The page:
Abstract: I document a new empirical pattern of internal mobility in the United States. Namely, county-to-county migration and commuting drop off discretely at state borders. People are three times as likely to move to a county 15 miles away, but in the same state, than to move to an equally distant county in a different state. These gaps remain even among neighboring counties or counties in the same commuting zone. Standard economic explanations, which emphasize differences in utility or moving costs, have little explanatory power. Cross-border differences in observables, amenities, state occupational licensing, taxes, or transfer program generosity do not explain this border effect. However, county-to-county social connectedness (as measured by the number of Facebook linkages) follows a similar pattern, and there is suggestive evidence that this is driven by a so-called "home state bias," rather than alternative explanations such as information frictions or network ties. I show that this reluctance to cross state lines has real economic costs, resulting in local labor markets that are less dynamic after negative economic shocks.
    Keywords: internal migration, commuting, social networks, border discontinuities
    JEL: J6 R1
    Date: 2022–03
  8. By: David C Maré (Motu Economic and Public Policy Research); Jacques Poot (Te Ngira: Institute for Population Research, University of Waikato)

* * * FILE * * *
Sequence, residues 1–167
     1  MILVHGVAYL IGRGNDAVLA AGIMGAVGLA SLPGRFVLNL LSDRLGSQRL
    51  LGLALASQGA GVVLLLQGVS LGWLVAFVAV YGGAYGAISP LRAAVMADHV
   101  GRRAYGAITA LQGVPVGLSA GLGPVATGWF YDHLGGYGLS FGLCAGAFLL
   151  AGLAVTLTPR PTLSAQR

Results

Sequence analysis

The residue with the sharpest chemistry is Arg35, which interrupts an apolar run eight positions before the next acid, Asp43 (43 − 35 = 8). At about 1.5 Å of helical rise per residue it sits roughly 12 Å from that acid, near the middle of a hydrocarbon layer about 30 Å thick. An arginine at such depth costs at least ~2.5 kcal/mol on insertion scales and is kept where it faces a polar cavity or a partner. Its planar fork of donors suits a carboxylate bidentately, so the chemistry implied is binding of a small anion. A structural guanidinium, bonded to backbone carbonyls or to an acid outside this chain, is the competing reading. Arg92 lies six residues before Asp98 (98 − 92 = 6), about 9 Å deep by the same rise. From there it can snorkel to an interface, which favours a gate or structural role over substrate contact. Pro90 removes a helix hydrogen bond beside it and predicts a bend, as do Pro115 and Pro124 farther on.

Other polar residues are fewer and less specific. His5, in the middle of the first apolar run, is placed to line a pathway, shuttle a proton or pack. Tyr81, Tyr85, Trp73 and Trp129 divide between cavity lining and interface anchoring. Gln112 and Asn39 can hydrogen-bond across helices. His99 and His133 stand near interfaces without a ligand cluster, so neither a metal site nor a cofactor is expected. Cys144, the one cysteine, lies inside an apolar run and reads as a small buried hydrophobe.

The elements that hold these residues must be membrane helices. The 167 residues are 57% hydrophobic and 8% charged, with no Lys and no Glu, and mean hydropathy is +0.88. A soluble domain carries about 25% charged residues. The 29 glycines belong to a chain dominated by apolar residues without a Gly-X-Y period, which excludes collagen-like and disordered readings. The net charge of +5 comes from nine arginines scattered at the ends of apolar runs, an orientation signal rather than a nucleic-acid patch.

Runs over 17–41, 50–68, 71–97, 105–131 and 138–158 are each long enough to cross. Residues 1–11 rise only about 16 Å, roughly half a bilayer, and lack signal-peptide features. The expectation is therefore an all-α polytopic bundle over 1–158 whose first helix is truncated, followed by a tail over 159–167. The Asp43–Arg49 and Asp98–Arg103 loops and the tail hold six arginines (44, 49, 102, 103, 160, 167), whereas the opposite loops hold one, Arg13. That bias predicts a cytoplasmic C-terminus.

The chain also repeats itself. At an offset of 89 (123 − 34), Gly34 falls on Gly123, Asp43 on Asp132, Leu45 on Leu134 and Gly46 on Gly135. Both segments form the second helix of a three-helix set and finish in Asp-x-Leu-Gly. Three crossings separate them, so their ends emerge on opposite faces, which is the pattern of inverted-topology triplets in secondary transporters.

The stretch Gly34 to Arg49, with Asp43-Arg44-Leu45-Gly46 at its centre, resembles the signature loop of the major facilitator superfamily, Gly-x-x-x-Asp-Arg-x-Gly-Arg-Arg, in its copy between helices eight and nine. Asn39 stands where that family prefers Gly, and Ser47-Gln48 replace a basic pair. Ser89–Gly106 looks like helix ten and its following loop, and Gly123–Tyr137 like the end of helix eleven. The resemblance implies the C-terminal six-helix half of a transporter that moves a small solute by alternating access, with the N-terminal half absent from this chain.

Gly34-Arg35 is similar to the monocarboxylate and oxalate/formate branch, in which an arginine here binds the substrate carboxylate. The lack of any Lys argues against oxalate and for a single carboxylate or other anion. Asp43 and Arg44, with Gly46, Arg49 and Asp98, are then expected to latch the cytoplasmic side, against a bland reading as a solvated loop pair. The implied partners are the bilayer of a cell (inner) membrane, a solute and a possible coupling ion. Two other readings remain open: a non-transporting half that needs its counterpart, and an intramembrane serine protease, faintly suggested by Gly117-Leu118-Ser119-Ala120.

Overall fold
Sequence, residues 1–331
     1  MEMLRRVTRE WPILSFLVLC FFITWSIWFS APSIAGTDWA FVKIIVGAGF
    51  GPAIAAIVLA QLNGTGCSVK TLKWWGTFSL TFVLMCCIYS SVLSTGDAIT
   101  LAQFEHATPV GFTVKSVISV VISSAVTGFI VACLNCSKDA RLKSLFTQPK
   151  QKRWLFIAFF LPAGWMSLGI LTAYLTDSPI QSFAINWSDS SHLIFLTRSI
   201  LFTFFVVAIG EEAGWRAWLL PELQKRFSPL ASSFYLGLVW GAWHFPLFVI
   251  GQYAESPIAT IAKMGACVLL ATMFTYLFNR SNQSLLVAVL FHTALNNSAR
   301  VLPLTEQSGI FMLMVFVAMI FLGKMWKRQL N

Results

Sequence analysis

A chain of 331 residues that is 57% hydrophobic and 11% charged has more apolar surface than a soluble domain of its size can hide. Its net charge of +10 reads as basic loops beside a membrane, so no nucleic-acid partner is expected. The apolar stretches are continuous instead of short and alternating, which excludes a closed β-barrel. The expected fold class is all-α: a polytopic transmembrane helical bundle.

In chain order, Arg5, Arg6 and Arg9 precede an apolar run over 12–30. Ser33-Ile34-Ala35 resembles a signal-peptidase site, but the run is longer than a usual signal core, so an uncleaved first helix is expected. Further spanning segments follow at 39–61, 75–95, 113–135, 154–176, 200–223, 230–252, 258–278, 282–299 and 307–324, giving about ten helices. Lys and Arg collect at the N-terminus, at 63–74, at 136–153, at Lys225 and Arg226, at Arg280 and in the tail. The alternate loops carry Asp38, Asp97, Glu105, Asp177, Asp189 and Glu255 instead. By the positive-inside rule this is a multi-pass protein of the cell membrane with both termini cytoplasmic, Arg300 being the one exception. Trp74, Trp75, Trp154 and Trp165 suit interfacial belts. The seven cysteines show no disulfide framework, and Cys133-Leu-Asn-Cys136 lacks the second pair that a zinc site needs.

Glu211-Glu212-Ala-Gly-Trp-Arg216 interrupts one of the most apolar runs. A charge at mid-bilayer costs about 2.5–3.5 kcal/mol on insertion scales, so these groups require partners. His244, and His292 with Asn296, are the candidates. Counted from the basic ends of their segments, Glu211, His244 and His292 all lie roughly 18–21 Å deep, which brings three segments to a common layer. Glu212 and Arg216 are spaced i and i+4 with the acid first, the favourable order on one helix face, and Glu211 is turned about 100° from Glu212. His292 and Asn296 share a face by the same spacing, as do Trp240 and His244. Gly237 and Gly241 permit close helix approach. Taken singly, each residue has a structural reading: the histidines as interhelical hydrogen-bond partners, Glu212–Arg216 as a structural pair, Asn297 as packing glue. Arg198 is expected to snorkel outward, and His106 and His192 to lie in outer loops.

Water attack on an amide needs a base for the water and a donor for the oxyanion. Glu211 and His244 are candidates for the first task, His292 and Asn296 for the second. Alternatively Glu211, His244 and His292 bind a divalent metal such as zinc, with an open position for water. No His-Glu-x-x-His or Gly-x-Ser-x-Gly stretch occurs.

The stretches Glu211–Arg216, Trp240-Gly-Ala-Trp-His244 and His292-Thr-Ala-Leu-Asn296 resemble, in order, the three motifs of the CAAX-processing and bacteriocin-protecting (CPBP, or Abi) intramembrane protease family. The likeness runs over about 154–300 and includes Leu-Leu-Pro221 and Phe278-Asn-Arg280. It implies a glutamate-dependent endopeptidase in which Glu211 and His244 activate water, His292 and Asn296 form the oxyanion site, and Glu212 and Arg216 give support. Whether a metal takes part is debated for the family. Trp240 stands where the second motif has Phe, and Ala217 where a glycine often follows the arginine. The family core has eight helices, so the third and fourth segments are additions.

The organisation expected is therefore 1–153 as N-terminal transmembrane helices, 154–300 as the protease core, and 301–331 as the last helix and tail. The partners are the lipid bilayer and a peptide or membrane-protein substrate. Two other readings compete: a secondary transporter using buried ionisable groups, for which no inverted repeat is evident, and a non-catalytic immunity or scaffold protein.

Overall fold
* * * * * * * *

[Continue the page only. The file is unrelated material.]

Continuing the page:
Abstract: In this paper we introduce a measure of cultural diversity that takes ‘social difference’ between country of birth and ethnic groups into account. We measure social difference using exploratory factor analysis of subjective identity, attitude and value responses in Aotearoa New Zealand’s 2016 General Social Survey. We examine the level of, and change in, our social difference-based measure of cultural diversity in 31 urban areas between 1976 and 2018, using census data. We compare these patterns with those derived from a standard fractionalisation measure of diversity based on population composition by country of birth and ethnicity. We find that the two diversity measures are highly correlated across the urban areas. Diversity increased everywhere between 1976 and 2018, whether social difference is taken into account or not. However, the social difference-based measure increased much faster than the standard measure in all but one of the urban areas. This suggests that growth in the fractionalisation measure of diversity is likely to have underestimated the trend in experienced social difference. Both measures also show evidence of spatial convergence in diversity: urban areas with low diversity in 1976 – which tended to be in the South Island – exhibited faster increases. Population diversity increased strikingly in Queenstown, which was the 19th most diverse urban area in 1976, in terms of social difference, but second only to Auckland in 2018.
    Keywords: Cultural diversity; social difference; fractionalisation; New Zealand; urban
    JEL: J15 R23 Z13
    Date: 2022–04